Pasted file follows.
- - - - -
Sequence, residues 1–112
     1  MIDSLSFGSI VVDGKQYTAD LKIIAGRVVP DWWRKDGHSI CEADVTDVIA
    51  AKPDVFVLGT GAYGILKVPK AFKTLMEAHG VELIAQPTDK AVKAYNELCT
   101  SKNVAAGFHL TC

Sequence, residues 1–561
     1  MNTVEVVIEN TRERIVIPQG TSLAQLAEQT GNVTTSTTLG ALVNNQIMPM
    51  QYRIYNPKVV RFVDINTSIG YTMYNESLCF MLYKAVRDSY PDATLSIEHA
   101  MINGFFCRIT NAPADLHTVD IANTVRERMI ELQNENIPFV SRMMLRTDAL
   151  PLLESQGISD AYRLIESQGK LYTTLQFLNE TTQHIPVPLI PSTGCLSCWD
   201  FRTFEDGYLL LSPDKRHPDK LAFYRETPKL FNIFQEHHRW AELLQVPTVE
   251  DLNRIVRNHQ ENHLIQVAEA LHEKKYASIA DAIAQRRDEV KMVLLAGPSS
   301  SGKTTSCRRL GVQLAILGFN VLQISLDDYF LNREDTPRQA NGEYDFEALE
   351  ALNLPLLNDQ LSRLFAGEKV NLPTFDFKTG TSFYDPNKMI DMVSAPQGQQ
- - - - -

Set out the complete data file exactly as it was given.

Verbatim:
Sequence, residues 1–112
     1  MIDSLSFGSI VVDGKQYTAD LKIIAGRVVP DWWRKDGHSI CEADVTDVIA
    51  AKPDVFVLGT GAYGILKVPK AFKTLMEAHG VELIAQPTDK AVKAYNELCT
   101  SKNVAAGFHL TC

Sequence, residues 1–561
     1  MNTVEVVIEN TRERIVIPQG TSLAQLAEQT GNVTTSTTLG ALVNNQIMPM
    51  QYRIYNPKVV RFVDINTSIG YTMYNESLCF MLYKAVRDSY PDATLSIEHA
   101  MINGFFCRIT NAPADLHTVD IANTVRERMI ELQNENIPFV SRMMLRTDAL
   151  PLLESQGISD AYRLIESQGK LYTTLQFLNE TTQHIPVPLI PSTGCLSCWD
   201  FRTFEDGYLL LSPDKRHPDK LAFYRETPKL FNIFQEHHRW AELLQVPTVE
   251  DLNRIVRNHQ ENHLIQVAEA LHEKKYASIA DAIAQRRDEV KMVLLAGPSS
   301  SGKTTSCRRL GVQLAILGFN VLQISLDDYF LNREDTPRQA NGEYDFEALE
   351  ALNLPLLNDQ LSRLFAGEKV NLPTFDFKTG TSFYDPNKMI DMVSAPQGQQ